NEW YORK (AP) _ An embattled city official recovering from a suicide attempt ''is just staring at movies on television,'' according to an interview published today that set off a dispute over whether he compared Mayor Edward I. Koch to a Nazi.

Queens borough president Donald Manes, the central figure in a corruption scandal that has rocked the city for the past few weeks, has not answered reporters' questions since he cut his wrist and ankle and suffered a heart attack Jan. 10. He initially said of his wounds that he had been attacked.

Since that incident, a Queens businessman has alleged that Manes participated in an extortion scandal, and Koch has called him ''a crook'' and called on him to leave his office. Manes has temporarily handed over his duties to a deputy.

Manes spoke with columnist Cindy Adams of the New York Post, the newspaper reported today, drawing his attorney to quickly deny that Manes had likened Koch to Nazi official Martin Bormann.

Ms. Adams, in a copyright article, reported that she and Manes talked about a story in which a cab driver purportedly told a friend of Manes: ''Koch is a friend like Martin Bormann was a friend.'' Bormann was Adolf Hitler's secretary.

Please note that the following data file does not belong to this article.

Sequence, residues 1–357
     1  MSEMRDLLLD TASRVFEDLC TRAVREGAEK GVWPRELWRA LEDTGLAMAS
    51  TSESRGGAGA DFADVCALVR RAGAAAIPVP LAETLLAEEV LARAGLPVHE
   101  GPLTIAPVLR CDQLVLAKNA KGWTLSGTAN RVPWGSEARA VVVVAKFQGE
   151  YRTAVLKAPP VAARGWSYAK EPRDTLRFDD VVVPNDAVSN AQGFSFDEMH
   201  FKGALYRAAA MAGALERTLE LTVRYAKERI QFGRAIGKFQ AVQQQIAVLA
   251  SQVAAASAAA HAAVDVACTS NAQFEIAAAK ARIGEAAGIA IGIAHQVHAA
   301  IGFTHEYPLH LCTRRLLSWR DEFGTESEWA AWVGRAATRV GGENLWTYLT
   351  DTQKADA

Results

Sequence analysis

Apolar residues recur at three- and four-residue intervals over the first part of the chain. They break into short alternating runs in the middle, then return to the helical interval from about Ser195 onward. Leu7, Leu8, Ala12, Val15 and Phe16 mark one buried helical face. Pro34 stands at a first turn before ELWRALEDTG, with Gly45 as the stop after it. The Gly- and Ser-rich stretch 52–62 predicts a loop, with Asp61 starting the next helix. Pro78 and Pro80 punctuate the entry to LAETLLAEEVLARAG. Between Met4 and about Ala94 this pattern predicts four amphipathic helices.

''The cabbie is right,'' Manes told Ms. Adams, she reported.

Manes' attorney, Michael Armstrong, later said Manes' recollection was that he did not make the remark and denied Ms. Adams' characterization of the conversation as an interview. He said Manes, thinking he was home alone, picked up the phone when it rang and spoke with Ms. Adams only in attempt to get her to hang up. They spoke for ''a couple of minutes,'' he said.

Manes apologized for the report about Koch ''even though he didn't say it,'' said Armstrong. He also said Manes contended that Ms. Adams told the story about the cab driver.

''He certainly did not mean to say anything like that about the mayor and would not say anything like that about the mayor,'' Armstrong said. He said Manes was ''really punchy'' from medication and could have been misinterpreted.

''To get her off the phone who knows what he said,'' Armstrong said. ''But he says his recollection is that he did not'' make the comment attributed to him.

Post officials were in a meeting and were not immediately available to comment, said Diane Reid, an administrative assistant at the newspaper.

Ms. Adams said she asked Manes why he had not responded to charges linking him to corruption in the city's Parking Violations Bureau. Manes told her:

''I'm not up to to it. I haven't got it. Right now I'm just staring at movies on television. And falling asleep while they're on. I'm not up to seeing people much. Or having conversations.''

Asked today about the Post report, Koch said: ''I don't care about that. You have to understand, Donny Manes is at the end of his strength. It's played out. He can't hide any more.''

Koch said that if Manes was fit to speak with a columnist he should be able to speak with law enforcement officials.